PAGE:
As the end of the decade approaches, it’s a perfect time to look back and reflect on the past. What has gone wrong and what has gone right? We have a way of making waves, even if not always in the way we might like. Here’s some reflections on some of those waves.
Starting about 4 years ago, we were battling a problem of power constraints at our data center. That led to a general inability to provision data center space the way we wanted to and we had to become very creative to manage our system. The biggest problems from that time were two unplanned power outages of the entire building followed by an emergency planned outage 8 months later. Power is one of the lifelines of a data center and not being able to rely on it can be a major distraction. It was during that period that we established our off network status site (dreamhoststatus.com), which has proven to be a great asset. Those issues are long behind us now, and looking forward we have plenty of power capacity.
Pretty much in the middle of the power situation we were also hit with a networking problem between our two core routers that was causing serious website slowness. We had grown so quickly that nobody really understood exactly how the network devices were interacting. That combined with the distraction of the power situation made it take way too long to resolve the problem. From that, we learned the hard way what we needed to do to improve and maintain the network. Things have improved, but we were still recently hit with a couple network outages. They were caused by human errors and weaknesses in the procedures we had in place. We have already refined those procedures and future improvements to the networking infrastructure will also help to mitigate the potential for human error to result in outages. This is still very much a work in progress but huge steps have been taken already and more are still to come.
The next major hurdle we faced involved our data storage infrastructure. In the early days we had migrated from disks inside each server to network attached storage for the added redundancy and to allow us to better utilize our available storage. At that time hard drives were only 9 gigabytes and our users were generally only using a hundred megabytes or less of space. Boy, have things changed! We now have users with multiple terabytes of data and even everyday websites sometimes have multiple gigabytes of files. The huge growth of online video and the popularity of digital photography increased the demands on our storage infrastructure by a couple orders of magnitude over the years. To accommodate that growth, our simple system of file servers had grown to a large network of over 100 individual servers that we had to constantly juggle data between. The cost per gigabyte for our Network Appliance based system had also not come down nearly as fast as the per-user storage requirements had gone up, but we had become reliant on network storage for things such as backups, rapid recovery from server failures, and seamless sharing of data between separate hosting and email accounts. We were addicted to network storage, and our next couple of major performance problems came from gloriously failed experiments with other storage products. One of them was cheap and unreliable, and the other was expensive and unreliable. We couldn’t win! (Note that we haven’t used either of those for awhile so both of them may work better now than they did for us a couple of years ago.)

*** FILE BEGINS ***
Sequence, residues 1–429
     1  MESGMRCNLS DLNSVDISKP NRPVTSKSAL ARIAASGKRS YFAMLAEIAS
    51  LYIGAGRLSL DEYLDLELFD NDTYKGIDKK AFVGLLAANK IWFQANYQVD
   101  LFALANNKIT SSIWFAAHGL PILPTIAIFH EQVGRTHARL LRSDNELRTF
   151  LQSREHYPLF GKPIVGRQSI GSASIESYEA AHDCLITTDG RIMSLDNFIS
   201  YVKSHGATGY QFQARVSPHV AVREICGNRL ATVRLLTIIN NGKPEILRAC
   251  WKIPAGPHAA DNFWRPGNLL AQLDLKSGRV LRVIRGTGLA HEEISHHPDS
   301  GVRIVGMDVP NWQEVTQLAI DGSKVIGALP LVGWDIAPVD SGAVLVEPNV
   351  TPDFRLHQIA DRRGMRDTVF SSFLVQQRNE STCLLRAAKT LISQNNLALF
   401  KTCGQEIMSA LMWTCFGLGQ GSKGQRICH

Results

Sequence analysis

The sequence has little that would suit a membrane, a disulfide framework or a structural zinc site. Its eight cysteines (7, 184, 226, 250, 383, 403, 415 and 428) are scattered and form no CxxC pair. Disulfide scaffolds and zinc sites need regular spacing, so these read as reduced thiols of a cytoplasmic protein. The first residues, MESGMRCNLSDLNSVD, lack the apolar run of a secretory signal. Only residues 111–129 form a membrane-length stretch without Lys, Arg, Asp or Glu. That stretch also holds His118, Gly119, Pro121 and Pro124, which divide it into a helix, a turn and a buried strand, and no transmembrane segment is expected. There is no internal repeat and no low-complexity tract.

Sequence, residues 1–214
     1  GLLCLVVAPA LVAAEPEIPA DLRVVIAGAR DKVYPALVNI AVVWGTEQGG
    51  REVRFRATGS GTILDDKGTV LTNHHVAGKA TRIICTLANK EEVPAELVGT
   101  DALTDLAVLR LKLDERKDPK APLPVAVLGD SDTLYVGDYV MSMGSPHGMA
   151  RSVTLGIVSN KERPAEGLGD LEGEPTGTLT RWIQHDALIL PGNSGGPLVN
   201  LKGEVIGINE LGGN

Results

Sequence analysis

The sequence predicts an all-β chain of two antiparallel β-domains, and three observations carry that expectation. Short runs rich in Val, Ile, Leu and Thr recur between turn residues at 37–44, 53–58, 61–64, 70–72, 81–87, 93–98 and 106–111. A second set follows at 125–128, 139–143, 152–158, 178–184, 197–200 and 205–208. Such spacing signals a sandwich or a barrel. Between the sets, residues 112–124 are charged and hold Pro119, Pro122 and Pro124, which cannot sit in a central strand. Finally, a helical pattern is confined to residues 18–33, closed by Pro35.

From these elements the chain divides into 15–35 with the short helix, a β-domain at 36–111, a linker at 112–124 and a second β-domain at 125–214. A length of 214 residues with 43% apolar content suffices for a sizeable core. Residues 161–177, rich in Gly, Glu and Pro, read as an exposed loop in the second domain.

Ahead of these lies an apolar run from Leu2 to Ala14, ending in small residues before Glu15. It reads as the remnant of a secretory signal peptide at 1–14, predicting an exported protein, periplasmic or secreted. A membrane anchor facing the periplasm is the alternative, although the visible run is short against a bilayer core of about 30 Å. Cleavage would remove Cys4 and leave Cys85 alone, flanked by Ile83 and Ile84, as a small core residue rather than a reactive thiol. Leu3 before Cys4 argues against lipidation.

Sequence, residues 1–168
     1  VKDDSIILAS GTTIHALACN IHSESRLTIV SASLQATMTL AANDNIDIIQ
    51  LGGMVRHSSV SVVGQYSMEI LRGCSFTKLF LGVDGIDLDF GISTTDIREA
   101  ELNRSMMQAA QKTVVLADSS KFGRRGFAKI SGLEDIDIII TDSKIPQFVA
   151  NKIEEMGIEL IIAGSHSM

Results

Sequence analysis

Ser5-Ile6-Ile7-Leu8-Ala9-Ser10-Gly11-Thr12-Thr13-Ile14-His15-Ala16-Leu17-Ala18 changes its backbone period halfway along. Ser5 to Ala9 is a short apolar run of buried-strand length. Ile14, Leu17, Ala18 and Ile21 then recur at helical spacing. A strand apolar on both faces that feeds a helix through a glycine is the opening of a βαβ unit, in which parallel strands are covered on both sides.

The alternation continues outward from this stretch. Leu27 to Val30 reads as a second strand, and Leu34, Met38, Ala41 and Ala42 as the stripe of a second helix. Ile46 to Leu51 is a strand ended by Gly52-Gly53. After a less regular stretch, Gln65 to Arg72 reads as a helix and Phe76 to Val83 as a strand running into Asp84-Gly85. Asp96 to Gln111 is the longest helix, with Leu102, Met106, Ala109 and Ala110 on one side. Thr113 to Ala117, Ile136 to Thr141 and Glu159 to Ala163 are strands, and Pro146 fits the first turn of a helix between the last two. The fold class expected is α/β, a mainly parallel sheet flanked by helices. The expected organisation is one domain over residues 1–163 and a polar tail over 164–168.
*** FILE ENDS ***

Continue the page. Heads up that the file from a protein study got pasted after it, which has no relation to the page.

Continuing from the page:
Through those years that our addiction to network storage had developed, a shift had happened that we hadn’t noticed. First, individual hard drives had dropped like a rock in price and skyrocketed in capacity. Second, users were consuming data at such a rate that evenly utilizing our available storage was no longer a problem. Switching back to locally installed storage was the answer we had been looking for! We started experimenting with the new server architecture and developing a backup strategy. Then once the pieces were all in place, we started moving forward with it. So the storage bottleneck was resolved and we had a clear path forward, but we were still throwing out a lot of knowledge we had learned over the preceding decade and were starting over from scratch in a lot of ways. With every technology shift comes with it a new set of problems and this one was no exception. It’s been about a year and a half since then and we’re already on our fourth revision of the server configuration (three different RAID cards with two different configs). The current hardware has been working out quite well but we’re doing some testing to see if it can be optimized further.
Looking into next year, our core technology systems are under control and we’ll be able to focus more on improving the service than we have in years. The future looks very bright…. but more on that tomorrow!